Since the mid-19th century, war photographers have captured many iconic, dramatic and shocking images. They have also done much to record the events and experiences of modern warfare, from the heroic and humdrum to the ghastly and terrifying.
Using some of the earliest photographs from the collections of the National Army Museum, First Shots documents the early history of war photography. It explores the subject through the works of four pioneers: John McCosh, Roger Fenton, James Robertson and Felice Beato, and provides an insight into the origins of what has become a powerful journalistic medium.
Photography emerged in the first half of the 19th century from a fusion of the technology of the centuries-old camera obscura and experimentation with light sensitive chemicals such as silver nitrate. Although the French inventor, Joseph Niépce, took the first permanent photograph, the chief technical breakthroughs were made by Louis Daguerre (1839) and Henry Fox Talbot (1840). Their rival methods of the daguerrotype and calotype competed with each other during the 1840s.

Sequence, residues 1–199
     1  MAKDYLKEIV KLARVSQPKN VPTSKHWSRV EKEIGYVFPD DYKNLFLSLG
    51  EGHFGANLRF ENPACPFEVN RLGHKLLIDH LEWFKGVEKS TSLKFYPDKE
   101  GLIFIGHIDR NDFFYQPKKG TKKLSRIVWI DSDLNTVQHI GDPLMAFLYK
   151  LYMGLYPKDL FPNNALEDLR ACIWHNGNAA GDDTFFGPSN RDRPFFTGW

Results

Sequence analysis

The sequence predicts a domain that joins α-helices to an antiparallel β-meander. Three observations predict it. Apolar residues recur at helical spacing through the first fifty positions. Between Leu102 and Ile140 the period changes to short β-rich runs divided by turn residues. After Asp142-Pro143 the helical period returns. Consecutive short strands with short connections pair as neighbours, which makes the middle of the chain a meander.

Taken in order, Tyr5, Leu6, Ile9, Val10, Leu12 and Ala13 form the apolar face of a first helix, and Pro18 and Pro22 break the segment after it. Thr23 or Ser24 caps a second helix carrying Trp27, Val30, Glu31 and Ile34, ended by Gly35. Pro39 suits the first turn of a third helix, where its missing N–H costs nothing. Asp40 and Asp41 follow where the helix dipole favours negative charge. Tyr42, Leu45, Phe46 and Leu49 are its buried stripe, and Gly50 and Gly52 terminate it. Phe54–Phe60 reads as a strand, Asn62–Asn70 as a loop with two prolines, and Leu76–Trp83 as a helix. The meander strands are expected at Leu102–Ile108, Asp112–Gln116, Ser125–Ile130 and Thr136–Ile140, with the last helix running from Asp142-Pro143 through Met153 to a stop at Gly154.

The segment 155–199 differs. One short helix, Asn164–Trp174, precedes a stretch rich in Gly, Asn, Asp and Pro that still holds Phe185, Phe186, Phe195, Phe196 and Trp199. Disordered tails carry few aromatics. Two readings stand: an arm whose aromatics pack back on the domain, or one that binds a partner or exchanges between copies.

Both of these methods were superseded by Frederick Scott-Archer’s wet-plate or wet-collodian method of 1851. This method combined the virtues of image quality and reproducibility and so allowed the practice of photography to flourish. However, wet-plate photography still had the major drawback of requiring the photographer to take their darkroom with them wherever they went.
Throughout this period cameras remained bulky and cumbersome. Photographs also required lengthy exposure times preventing the production of any action shots. All of these factors hindered the practice of outdoor photography and so were major constraints upon work of the early war photographers.
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